Tuesday, 26 April 2016

The tragedy of Calvary. Part 84.

The tragedy of Calvary: or the minute details of Christ's life from Palm Sunday morning till the resurrection and ascension taken prophecy, history, revelations and ancient writings by Meagher, Jas. L. (James Luke), 1848-1920

The indescribable sufferings of his soul reacted in his body. The repulsion to sin in his whole being rose up against the moral deformities, the wickedness of all mankind, and his blood oozed out through every pore of his skin. " And his sweat became as drops of blood, trickling down upon the ground." (Luke xxii. 44.) His garments became red with blood. And there he was, all covered with blood, red as the man who presses out the red grape in Oriental countries. He has trodden down the sins of the nations laid on him. He has come forth from his victory over the fear of death; from his shrinking from his sorrows; from the sufferings of his Passion. Man will be redeemed. The prophet saw him in this agony in Gethsemane, " the winepress."

"Who is this that cometh from Edom, with dyed garments from Bosra, this beautiful one in his robe, walking in the greatness of his strength? I that speak justice and am a defender to save. Why then is thy apparel red, and thy garments like theirs that tread in the wine-press ? I have trodden Gethsemane (In the translation in our Bible it is the " wine press.") alone, and of the Gentiles there is not a man with me." (Isaias lxiii. 1. 3.)

The great prophet, who wrote like an Evangelist, centuries before saw a vision of him when he sweated blood. In this fearful mental anguish, he wanted the help of his friends. But of the Gentiles there is not one with him. His dearest friends are asleep. Of this the prophet said: " The Lord hath trodden Gethsemane (the wine press) for the virgin daughter of Judah." (Lam. i. 15.) " And the Lord hath laid on him the iniquities of us all." (Isaias liii. 6.) "For the wickedness of my people have I struck him." (Isaias liii. 8.) When he came for sympathy to his three Apostles they were asleep. (Matt. xxvi. 45. 46.) "I sought and there was none to help." (Isaias lxiii. 5)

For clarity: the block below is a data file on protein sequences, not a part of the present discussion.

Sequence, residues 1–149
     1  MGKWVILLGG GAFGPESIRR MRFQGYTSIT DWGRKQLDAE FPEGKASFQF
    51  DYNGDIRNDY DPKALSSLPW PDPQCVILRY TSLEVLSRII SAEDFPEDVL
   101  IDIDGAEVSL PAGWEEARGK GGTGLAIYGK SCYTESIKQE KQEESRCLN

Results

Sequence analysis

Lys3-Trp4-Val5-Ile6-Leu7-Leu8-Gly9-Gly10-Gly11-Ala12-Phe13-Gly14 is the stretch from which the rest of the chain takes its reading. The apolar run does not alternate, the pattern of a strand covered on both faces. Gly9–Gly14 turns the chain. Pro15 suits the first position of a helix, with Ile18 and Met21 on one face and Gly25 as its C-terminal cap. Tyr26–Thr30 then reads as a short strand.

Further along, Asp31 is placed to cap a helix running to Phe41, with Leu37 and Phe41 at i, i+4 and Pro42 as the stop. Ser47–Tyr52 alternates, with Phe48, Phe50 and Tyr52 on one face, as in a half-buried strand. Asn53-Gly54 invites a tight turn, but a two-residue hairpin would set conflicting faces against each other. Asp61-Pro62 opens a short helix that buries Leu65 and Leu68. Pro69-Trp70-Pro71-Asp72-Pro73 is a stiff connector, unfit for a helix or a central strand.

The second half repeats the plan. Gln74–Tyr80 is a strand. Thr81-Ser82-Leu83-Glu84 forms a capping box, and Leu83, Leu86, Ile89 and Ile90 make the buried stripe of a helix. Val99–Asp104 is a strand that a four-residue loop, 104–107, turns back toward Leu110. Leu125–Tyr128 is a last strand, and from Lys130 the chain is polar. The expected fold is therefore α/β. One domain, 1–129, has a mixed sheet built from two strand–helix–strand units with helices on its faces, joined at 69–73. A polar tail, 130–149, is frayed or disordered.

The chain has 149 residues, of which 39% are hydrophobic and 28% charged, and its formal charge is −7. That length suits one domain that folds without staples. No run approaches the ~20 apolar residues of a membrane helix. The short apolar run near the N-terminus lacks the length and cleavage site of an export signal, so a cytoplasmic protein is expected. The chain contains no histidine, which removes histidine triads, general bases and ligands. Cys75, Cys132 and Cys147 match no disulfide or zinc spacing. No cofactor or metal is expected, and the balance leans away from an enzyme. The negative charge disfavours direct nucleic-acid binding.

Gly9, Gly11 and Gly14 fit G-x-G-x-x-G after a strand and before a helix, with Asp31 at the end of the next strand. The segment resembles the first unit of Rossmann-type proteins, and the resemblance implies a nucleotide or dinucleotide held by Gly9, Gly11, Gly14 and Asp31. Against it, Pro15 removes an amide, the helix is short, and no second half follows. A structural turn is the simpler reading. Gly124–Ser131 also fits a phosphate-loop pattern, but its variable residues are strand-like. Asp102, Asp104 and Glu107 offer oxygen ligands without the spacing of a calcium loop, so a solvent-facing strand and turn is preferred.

When he arose for the second time, he could hardly stand. His knees trembled. His face was pale arid bloody, his garments were red with blood,—he shook and shuddered. With trembling steps, he ascended the side of the cavern, reached a place where the ground was level, and came to where he left his three followers, and said, " Simon, sleepest thou?" They hardly knew him, he was so changed. He stood there trembling, pale, exhausted, bathed in blood oozing out the pores of his skin, running down his limbs. He hardly spoke above a whisper. When they looked at him they hardly knew him, he was so changed. John said to him:

"Master, what has happened to thee ? Will I call the other disciples ? Will we run away ?" Jesus replied: " Were I to live and teach and perform miracles for thirty-three years more, it would not be enough for the finishing of what must be fulfilled before this time to-morrow. Call not the others, for they would be scandalized to see me thus in agony, forget the past, lose confidence in me, and yield to temptation. But you who have seen the Son of man transfigured, now see him in the agony of his soul. Nevertheless watch and pray that you fall not into temptation." (Cath. Emmerich, pp. 103-4) For some minutes he remained encouraging them. Then he went back, and for the third time he threw himself on his face on the ground in the Grotto, and the agony began with still more terrific force.